A new survey has revealed people from ethnic minorities in Britain are treated unfairly more often than white people
UK ethnic minorities up to twice as likely to face racial bias, report finds
A survey on unconscious bias in Britain has revealed that ethnic minorities are more likely to face unfair treatment than white people.
The study, commissioned by the Guardian and carried out by independent pollsters ICM, asked 1,000 black, Asian and minority ethnic people and 1,797 white people several questions about negative experiences in their everyday lives as a result of such bias.
The results showed in some cases minority ethnic people in Britain are up to twice as likely to be mistaken for an employee rather than a customer, be refused entrance to a bar or club for no good reason and be overlooked for a job application process or for a promotion at work.
Sixty-nine per cent of minority ethnic respondents said they had experienced a stranger being rude or abusive in public to them in comparison with 51 per cent of white respondents.
While 62 per cent of BAME respondents said they had been stopped going through airport security and customs.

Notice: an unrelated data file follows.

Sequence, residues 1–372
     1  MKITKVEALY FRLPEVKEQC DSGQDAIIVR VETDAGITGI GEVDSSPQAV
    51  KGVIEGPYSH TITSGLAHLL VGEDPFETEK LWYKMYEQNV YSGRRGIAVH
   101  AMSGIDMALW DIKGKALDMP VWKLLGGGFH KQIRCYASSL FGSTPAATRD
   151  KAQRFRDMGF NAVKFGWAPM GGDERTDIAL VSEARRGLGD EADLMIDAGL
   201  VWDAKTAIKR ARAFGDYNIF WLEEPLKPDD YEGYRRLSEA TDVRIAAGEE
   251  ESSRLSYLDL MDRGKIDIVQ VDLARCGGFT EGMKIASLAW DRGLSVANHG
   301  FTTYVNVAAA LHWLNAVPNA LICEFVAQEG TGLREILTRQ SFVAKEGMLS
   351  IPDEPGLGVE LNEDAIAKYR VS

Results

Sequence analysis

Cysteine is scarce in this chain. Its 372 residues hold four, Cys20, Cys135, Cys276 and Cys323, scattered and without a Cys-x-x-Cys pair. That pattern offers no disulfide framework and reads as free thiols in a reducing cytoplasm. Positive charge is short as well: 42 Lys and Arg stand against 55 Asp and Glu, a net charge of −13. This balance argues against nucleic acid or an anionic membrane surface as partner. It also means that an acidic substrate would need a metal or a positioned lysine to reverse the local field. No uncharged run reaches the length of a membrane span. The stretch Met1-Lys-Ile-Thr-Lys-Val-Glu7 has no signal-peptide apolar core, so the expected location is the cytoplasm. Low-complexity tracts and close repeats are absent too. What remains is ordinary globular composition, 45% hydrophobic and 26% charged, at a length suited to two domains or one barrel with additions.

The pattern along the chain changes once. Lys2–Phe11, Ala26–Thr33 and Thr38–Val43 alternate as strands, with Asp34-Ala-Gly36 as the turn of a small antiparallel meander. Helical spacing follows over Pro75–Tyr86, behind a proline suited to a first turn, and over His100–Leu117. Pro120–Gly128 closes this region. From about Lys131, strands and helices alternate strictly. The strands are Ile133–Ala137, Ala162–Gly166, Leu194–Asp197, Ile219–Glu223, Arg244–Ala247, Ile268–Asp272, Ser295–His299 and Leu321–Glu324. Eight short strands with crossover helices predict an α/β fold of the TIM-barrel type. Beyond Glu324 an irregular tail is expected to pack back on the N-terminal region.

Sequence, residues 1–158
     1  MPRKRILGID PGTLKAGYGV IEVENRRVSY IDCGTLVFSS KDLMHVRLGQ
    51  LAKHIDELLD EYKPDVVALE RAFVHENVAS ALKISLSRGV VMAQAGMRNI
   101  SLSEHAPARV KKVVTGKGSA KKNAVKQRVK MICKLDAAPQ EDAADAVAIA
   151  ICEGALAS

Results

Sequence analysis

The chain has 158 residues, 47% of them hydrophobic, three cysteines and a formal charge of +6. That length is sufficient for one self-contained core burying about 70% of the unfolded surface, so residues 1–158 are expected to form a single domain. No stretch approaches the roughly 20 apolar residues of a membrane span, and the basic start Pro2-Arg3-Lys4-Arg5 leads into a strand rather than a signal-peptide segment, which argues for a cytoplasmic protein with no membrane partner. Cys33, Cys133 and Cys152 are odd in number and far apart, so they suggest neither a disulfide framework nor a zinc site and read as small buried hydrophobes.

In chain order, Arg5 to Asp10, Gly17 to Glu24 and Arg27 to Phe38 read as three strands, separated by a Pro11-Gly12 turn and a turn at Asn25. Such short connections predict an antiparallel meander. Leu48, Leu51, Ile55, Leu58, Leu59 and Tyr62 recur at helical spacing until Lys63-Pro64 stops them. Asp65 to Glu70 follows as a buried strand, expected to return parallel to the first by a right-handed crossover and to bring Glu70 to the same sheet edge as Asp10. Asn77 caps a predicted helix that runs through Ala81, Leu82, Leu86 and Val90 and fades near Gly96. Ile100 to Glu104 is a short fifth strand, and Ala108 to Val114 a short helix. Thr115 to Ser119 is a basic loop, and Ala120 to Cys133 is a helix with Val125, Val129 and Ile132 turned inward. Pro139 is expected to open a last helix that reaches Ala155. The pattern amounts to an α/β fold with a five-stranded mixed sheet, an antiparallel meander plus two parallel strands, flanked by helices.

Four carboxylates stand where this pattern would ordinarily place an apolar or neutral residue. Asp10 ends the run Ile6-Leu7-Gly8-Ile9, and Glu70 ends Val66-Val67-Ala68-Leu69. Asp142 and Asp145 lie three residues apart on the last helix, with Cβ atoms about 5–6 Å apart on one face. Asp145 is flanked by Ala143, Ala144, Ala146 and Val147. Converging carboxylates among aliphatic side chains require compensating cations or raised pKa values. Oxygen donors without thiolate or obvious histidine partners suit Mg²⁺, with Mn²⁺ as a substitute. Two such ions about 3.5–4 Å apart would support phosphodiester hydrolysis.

The findings revealed that 69 per cent of people from a minority ethnic background believe Britain has a problem with racism.
Labour parliamentarian and civil rights campaigner David Lammy described the survey results as “harrowing”.
“Racial prejudice continues to weigh on the lives of black and ethnic minority people in the UK,” he wrote on Twitter. “We share the same hard-won rights, but our experiences are too often shaped by bias. Pretending to be colour blind has not worked. We need to talk about and properly understand race.”
The survey comes just days after a parliamentary report found that myths and lies about Muslims are contributing to discrimination in sectors of public life including employment, housing and the criminal justice system.
MPs from the All-Party Parliamentary Group on British Muslims have called for the government to introduce a definition of Islamophobia.
An interim report by Islamophobia monitoring group Tell MAMA also published last week warned that institutional and structural forms of anti-Muslim hatred “are insidious and often unspoken forms of prejudice”.
Religious hate crime in Britain is at an all time high according to latest police statistics, with more than half of offences committed between April 2017 and March 2018 directed at Muslims.